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LEDE: The F-D-A has cleared the first human trials of an investigational device that could give real sensation to artificial hands.
Randy Atkins: Picking up delicate objects with a prosthetic hand requires the person to watch closely, since they can’t sense touch or feel whether their hand is open or closed. But a team led by Ranu Jung, of Florida International University, is now embedding artificial hands with sensors that send wireless signals to a nerve stimulator surgically implanted in the amputee’s real arm. It's connected to…
Ranu Jung: …very fine wires, which are thinner than a human hair, and we sew them inside the nerve.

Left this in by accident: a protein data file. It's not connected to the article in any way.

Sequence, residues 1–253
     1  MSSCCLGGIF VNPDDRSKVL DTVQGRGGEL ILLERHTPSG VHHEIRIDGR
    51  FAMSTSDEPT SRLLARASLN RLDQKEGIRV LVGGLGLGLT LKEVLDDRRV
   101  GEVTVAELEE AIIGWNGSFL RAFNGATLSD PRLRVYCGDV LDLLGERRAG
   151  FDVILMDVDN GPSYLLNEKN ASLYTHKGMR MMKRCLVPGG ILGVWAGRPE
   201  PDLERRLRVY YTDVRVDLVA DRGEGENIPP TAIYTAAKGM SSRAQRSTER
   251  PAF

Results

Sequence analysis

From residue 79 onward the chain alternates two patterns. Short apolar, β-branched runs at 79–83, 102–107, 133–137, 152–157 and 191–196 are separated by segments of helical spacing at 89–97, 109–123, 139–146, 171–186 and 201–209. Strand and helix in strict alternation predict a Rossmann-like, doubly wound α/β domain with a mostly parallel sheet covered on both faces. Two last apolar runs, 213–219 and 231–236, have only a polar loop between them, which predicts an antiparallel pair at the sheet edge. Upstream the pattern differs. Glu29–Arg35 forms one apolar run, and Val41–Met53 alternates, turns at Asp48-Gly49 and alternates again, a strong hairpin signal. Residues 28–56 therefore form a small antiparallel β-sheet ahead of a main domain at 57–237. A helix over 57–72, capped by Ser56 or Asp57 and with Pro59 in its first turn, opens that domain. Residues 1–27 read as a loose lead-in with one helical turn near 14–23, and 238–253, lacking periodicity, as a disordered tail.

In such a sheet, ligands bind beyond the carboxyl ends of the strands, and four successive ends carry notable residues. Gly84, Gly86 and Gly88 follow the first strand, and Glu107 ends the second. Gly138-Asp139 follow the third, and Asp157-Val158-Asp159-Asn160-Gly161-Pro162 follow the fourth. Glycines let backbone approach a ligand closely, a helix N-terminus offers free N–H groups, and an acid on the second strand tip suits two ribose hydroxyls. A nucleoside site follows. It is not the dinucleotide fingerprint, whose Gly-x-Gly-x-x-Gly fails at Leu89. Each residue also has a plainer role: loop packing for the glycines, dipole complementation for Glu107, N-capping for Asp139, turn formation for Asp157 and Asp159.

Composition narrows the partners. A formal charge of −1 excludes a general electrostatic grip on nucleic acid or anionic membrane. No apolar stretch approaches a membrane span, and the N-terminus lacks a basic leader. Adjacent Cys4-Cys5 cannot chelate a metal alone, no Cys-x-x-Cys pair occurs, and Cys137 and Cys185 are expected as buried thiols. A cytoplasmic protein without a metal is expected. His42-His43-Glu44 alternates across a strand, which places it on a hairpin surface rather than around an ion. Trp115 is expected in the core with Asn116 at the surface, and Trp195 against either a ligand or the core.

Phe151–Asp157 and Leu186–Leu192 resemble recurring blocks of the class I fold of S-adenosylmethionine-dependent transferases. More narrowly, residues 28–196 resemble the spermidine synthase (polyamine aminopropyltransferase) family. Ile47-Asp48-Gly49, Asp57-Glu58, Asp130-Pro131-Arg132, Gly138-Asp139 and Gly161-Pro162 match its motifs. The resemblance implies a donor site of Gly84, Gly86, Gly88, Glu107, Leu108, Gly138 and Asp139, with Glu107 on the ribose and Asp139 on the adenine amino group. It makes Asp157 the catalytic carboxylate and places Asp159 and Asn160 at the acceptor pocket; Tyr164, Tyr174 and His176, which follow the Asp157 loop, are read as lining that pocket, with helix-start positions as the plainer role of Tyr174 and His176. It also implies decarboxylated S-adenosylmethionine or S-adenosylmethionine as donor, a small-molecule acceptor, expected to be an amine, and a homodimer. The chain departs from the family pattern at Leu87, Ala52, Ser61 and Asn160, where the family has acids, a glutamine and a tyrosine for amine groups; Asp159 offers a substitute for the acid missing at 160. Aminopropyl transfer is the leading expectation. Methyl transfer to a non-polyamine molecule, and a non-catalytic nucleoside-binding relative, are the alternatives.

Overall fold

Randy Atkins: When those nerve fibers are activated, information gets communicated to the brain and the person perceives sensation.
Ranu Jung: Even though you are not going to capture every single exact pattern that the biological system has, if we capture some of the information then the brain will be able to interpret that information.
Randy Atkins: Patients will soon be fitted with the artificial hands that feel, to test how they work in the real world. With the National Academy of Engineering, Randy Atkins, WTOP News.